by James Stefanile, ABR, GRI, SRES, QSC, gCertified, REALTOR/Salesperson, Prudential New Jersey Properties, Montclair, NJ Office
This will be an amalgam of various subjects. The snow is piling up relentlessly in New Jersey, business is, predictably, slower as people hibernate but the market is still improving and mortgage rates actually fell a little in the past few days.
One issue on my mind is the expiration of the federal Homeowners Debt Relief Act which ran out on December 31, 2013 and was not renewed by Congress. This means that a seller participating in a short sale, a deed in lieu or whose property was foreclosed upon would get a 1099C from the lender, naming the forgiven mortgage debt as income in the year the event occurred. That seller/owner would, possibly, be liable for federal income tax on that amount.
I believe it’s urgent that the Homeowners Debt Relief Act be renewed so that distressed homeowners whose equity has disappeared through no fault of their own would not have to be liable for this “phantom tax”. There is a possible insolvency solution to erase the tax liability but that is not guaranteed in every situation.
Congress does not seem to have the will to renew this important piece of legislation at this time, throwing the short sale market into flux as homeowners have diminished options. Opponents of the act point to lost tax revenue but I believe that pales next to the dollars lost to the economy by curtailing the activity surrounding the sale of distressed properties. If less sellers are getting out from under distressed properties and moving on to a more stable financial future, then less buyers will be purchasing these homes either through short sales or REOs and will not be spending the money to purchase and remediate or customize these properties. I’ve heard opponents of this relief say it would cost the government $3 to $4 billion dollars a year. The lack of buyer and seller activity in the same period of time would cost the economy a great deal more than that and that money directly aids the national economy rather than filling the tax coffers where, it can be said, some of it may not be put to the best use.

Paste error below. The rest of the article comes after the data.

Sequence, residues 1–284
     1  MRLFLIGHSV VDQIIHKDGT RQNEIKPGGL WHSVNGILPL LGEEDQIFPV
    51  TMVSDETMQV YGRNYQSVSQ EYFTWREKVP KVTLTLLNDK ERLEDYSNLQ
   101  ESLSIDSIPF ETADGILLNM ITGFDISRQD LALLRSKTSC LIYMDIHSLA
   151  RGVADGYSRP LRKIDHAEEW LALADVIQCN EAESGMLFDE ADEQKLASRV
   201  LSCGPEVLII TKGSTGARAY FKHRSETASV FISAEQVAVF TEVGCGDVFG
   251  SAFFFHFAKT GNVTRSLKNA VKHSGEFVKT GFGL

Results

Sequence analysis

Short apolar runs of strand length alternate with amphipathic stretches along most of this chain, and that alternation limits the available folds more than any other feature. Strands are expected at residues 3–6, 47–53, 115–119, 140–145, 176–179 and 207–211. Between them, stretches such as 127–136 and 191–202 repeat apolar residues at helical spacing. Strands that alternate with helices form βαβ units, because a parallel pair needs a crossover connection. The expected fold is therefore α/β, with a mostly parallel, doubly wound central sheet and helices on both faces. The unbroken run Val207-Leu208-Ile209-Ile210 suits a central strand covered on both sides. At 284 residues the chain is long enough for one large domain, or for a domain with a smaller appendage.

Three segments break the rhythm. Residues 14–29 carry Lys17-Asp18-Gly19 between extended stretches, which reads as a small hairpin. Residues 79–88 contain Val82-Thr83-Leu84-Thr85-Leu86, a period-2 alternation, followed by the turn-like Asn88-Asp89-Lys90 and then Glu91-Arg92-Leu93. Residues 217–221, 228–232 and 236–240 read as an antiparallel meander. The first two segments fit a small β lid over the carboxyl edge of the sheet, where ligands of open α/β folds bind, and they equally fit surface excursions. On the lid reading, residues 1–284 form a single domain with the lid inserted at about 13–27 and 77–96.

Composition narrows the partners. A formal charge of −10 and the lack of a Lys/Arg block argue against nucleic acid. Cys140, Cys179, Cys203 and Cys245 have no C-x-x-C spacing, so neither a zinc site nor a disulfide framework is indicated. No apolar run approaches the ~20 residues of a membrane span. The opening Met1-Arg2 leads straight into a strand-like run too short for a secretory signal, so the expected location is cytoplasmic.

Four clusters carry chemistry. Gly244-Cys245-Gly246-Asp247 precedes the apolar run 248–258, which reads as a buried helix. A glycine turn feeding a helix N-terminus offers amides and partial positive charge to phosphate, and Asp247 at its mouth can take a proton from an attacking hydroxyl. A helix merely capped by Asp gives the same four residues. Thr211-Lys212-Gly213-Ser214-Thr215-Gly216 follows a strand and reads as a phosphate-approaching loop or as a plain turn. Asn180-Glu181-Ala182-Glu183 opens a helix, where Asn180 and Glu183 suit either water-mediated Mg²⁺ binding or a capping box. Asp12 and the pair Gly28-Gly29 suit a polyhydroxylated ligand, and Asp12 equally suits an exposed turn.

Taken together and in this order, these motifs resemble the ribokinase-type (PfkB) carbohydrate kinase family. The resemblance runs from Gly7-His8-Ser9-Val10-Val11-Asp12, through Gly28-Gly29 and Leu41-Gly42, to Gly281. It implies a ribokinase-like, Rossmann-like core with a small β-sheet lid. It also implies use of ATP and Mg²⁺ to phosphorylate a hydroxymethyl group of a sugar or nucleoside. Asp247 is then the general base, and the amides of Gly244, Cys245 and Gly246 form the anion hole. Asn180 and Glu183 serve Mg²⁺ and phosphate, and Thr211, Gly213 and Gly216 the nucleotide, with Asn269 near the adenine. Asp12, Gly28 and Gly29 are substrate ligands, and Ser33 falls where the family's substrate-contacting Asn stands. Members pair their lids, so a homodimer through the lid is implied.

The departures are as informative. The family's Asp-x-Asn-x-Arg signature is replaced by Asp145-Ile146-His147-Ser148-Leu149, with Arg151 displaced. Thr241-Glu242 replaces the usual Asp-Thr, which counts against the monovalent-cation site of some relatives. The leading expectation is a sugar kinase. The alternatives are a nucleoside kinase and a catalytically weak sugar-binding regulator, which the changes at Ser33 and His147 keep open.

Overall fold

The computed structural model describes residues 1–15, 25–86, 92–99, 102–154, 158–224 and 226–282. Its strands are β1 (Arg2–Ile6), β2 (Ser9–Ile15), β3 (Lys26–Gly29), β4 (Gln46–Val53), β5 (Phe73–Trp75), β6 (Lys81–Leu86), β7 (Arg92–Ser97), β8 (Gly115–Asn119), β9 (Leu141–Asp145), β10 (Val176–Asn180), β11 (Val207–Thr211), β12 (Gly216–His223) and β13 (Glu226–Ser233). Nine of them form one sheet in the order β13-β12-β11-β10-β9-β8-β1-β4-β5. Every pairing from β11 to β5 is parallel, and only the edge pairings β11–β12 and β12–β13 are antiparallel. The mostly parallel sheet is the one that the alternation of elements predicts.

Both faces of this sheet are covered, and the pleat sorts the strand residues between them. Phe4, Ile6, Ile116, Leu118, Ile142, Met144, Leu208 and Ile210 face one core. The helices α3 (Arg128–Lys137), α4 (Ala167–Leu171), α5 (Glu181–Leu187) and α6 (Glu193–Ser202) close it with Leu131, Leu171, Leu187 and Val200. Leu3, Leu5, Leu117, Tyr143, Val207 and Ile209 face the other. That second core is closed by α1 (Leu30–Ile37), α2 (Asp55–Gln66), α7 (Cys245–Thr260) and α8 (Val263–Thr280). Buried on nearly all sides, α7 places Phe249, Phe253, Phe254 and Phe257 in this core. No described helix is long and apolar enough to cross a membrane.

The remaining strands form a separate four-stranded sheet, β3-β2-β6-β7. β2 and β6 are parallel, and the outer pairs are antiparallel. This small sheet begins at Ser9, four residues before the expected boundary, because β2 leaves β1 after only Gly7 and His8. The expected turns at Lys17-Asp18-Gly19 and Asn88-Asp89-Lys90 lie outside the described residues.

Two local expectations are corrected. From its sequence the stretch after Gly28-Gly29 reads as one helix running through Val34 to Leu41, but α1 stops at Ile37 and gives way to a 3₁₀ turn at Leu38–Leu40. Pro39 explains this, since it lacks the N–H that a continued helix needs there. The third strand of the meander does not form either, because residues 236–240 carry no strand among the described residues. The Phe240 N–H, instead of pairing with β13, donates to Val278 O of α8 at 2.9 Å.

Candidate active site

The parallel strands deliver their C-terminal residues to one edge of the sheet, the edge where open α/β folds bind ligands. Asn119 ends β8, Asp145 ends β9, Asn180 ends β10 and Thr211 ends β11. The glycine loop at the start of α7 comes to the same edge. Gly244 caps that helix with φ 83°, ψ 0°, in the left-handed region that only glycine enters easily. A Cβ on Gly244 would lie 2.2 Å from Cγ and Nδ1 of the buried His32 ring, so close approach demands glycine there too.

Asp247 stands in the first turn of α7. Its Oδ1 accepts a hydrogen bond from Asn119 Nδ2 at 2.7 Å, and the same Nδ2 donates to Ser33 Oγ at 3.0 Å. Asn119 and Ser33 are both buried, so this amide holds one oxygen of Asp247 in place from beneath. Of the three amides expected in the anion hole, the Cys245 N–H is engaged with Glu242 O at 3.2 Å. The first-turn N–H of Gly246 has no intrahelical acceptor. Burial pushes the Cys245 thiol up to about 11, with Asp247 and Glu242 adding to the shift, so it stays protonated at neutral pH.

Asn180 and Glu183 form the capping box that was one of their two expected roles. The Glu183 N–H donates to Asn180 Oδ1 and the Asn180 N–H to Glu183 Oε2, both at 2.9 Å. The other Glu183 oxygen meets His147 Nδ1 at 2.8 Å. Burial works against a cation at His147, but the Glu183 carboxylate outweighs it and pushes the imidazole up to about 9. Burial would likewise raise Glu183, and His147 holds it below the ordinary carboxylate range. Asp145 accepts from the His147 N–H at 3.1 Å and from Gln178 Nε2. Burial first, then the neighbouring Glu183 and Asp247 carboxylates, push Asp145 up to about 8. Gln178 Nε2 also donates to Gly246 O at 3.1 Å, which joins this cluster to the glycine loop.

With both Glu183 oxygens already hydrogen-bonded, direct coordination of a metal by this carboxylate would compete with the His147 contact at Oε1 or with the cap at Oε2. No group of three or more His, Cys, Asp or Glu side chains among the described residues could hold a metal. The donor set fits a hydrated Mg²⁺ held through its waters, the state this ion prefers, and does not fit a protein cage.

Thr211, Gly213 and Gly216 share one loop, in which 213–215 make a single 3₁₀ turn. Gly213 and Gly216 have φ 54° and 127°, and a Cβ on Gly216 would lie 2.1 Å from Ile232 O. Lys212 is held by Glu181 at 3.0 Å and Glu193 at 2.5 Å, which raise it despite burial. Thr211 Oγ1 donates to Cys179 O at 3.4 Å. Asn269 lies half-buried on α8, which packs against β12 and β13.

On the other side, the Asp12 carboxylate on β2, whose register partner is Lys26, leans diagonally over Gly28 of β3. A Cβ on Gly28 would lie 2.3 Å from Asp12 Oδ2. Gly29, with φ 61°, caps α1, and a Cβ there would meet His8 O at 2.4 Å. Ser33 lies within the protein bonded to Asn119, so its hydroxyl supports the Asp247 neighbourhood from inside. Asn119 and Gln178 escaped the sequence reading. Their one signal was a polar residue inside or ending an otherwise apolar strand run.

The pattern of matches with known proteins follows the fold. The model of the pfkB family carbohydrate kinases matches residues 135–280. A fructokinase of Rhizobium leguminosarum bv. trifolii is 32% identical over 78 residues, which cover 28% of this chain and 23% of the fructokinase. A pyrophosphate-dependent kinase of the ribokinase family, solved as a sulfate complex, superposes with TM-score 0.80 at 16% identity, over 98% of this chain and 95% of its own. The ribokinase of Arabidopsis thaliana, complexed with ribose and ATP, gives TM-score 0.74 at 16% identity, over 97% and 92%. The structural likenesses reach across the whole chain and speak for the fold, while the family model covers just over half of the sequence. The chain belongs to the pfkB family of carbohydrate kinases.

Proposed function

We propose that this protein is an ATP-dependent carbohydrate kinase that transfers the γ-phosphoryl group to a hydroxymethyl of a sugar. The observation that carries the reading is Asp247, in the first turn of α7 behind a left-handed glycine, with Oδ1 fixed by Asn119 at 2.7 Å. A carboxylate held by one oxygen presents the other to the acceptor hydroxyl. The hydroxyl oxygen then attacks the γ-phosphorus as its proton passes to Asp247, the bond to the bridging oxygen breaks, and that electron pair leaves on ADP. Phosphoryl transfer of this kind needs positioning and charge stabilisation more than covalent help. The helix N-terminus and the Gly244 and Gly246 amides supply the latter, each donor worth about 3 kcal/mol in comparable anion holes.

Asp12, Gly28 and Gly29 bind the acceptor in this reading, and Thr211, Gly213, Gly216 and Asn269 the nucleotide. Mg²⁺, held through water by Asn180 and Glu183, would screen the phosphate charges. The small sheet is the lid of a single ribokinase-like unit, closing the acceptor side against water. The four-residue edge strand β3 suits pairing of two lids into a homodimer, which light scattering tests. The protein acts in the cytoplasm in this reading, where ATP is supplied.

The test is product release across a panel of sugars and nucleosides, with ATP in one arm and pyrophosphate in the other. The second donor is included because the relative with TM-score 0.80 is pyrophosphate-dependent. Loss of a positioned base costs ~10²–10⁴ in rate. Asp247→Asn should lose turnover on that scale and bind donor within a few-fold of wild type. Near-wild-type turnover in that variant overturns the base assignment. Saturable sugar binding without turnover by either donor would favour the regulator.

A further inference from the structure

The National Association of REALTORS has decided on a lobbying strategy rather than a call to action. The NAR has a powerful, effective lobby in Congress and I’m willing to give their strategy the benefit of the doubt but I hope their efforts included impressing the urgency of the situation on Congress as they did with the flood insurance issue.
Congressman Bill Foster (D-Illinois) introduced the Homeowners Debt Relief Extension Act (H.R. 3856) in the House of Representatives and there is a similar effort in the Senate. I think it’s imperative that we call our elected officials and make the case for this renewal. If you are not in mortgage distress and you are, somehow, opposed to giving relief to those who are in debt, consider that your property values and quality of life will decline with the continued presence of distressed properties. A property that is sold will, once again, be put to its highest and best use to the benefit of all in the neighborhood.
Here’s some interesting reading on this subject:
And now, on to another issue that’s been on my mind: Eminent Domain and mortgage relief. You may recall I wrote about this subject at length in my August and October 2013 posts. I won’t get into the details, again, here but I did get a comment on the October blog post from Jeffrey Wright a REALTOR in California who seems to be the voice of the California Association of REALTORS opposition to the Eminent Domain strategy being proposed by the municipal government of Richmond, California. It reads as follows:
From Jeffrey Wright
Mr. Stefanile, I appreciate your comments. However you need to do a little more research about the situation in Richmond, CA so that your understanding and facts will be correct. I’m more than happy to share with you some insight as well as facts.
Jeffrey Wright “shameful” fellow REALTOR
Mr. Wright’s slightly miffed signature refers to how I regarded his comments on a PBS Newshour piece as “shameful”. I still think his, the CAR’s and the NAR’s opposition to this strategy is ill-informed and blindly revenue driven. In his comments, Mr. Wright offers to share some insights and facts. I’m still waiting for them and will report on them when, and if, I hear, again, from him. C’mon Mr. Wright – write! I promise to take your thoughts seriously and I assure you I will quote you.
Now I must put down my blog thoughts and pick up my snow shovel – again. People who move to places like California say they miss the seasons but they don’t always include New Jersey winters in that nostalgia. I’d take the chance of missing the 50+ inches of snow we’ve received so far this winter. I can’t miss it now, it’s everywhere I look.